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Re: [Amps] MOSFET ratings

Subject: Re: [Amps] MOSFET ratings
From: Manfred Mornhinweg <>
Date: Tue, 19 Jul 2011 22:04:27 +0000
List-post: <">>

> Firstly, I should stress that you must not confuse me with someone 
> who understands all about these MOSFETs :-)

No problem! We are among hams here.

> I have been reading from my old (1987) IR catalogue, application note
> 966. This is describing the HEXFET III family, the first where diode
> dV/dt is specified. I have not had time to read it in full detail,
> but it refers to the diode recovery dV/dt limit applying " the
> diode recovers from conduction..." and describes a mechanism that
> occurs during the period that recombination is happening in the
> diode. If the value is too high, the bjt will conduct.

Yes, that make sense.

> I could not find AN-966 on line to give you a link - I can scan the
> article (7 x A4 pages, small print) for you if you wish.

I found an application note that says basically the same. It's AN2626
from STMicroelectronics, available on So I think that I you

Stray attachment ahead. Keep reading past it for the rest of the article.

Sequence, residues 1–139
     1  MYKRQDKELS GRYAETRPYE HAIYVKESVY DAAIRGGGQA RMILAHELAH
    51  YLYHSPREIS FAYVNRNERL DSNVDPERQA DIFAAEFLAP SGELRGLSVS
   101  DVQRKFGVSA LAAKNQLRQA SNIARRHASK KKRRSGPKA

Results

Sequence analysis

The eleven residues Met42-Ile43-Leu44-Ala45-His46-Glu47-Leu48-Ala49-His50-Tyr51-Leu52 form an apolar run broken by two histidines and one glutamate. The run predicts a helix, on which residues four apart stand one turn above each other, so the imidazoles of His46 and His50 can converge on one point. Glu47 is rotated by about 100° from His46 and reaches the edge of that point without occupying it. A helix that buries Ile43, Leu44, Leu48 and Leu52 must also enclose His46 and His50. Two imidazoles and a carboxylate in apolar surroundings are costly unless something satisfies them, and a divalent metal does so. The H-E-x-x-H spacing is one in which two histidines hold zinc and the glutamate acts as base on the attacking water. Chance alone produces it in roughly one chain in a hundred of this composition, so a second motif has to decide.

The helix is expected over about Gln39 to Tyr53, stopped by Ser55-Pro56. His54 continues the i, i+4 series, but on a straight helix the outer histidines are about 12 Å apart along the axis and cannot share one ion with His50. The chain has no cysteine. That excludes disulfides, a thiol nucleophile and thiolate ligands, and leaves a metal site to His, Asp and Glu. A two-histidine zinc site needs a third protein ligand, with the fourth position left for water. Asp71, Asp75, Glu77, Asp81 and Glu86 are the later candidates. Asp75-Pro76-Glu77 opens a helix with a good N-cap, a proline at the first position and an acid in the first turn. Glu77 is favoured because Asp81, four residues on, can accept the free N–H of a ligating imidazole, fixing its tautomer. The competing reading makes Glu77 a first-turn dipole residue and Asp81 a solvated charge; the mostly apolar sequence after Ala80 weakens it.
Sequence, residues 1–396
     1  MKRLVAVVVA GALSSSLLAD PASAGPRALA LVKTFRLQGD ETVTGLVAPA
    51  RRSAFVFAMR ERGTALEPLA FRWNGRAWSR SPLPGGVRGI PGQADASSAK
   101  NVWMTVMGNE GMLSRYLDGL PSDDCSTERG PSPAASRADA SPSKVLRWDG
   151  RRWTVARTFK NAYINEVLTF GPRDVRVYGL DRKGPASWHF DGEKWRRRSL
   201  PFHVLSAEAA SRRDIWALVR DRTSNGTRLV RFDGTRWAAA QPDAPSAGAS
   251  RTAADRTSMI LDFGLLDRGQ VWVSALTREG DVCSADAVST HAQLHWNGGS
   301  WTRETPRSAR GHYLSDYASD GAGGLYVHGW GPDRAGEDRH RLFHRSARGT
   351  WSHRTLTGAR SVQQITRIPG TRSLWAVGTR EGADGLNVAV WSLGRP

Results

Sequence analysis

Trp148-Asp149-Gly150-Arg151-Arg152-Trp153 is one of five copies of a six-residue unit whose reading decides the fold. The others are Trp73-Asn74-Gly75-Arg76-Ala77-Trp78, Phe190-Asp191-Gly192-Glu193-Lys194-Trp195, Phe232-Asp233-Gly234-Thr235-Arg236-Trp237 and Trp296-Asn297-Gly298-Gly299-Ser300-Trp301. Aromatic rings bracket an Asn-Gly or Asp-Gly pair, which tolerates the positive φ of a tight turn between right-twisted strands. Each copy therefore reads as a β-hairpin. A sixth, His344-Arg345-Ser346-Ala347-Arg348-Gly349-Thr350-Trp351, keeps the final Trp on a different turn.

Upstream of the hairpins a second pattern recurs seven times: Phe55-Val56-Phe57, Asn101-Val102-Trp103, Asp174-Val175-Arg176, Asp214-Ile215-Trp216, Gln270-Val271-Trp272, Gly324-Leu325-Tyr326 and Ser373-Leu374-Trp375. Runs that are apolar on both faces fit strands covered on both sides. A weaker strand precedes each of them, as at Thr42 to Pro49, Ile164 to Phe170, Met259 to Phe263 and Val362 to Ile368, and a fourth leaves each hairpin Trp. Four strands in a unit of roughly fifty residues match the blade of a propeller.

don't need to bother scanning that AN. Thanks anyway!


> If the diode is for protection, it doesn't effect the operation until
> the diode/s starts to conduct.  Therefor the device has speed
> limitations when it is over driven and different speed limitations
> when it is not over driven.

It's all getting clearer today. The whole low dv/dt limitation is valid 
for applications where the diode is made to conduct, then the FET is 
driven on for a relatively short time at low current, and then it's 
switched off, and all that with an inductive load. This happens in 
zero-voltage-switching circuits. In that case, the low dv/dt rating 

In linear amplifier use, normally the drain should never get even close 
to ground, but stay at least about 5 or 7V above the source, more likely 
10V. So the body diode will never conduct, and the whole issue of diode 
recovery dv/dt is a non-issue.

But one needs to be careful to avoid any situation in which a MOSFET's 
drain could be pushed negative, for example by resonances of parasitic 
circuit elements, the low pass filter, antenna reactance or whatever. 
Such a situation could make the MOSFET smoke its way into Neverland.

Thanks to both of you, for helping clear up this matter!

Now the other mystery remains in my mind: How manufacturers can rate a 
high current MOSFET to switch in about ten nanoseconds, when the 
inductance of the source connection seems to make this impossible!


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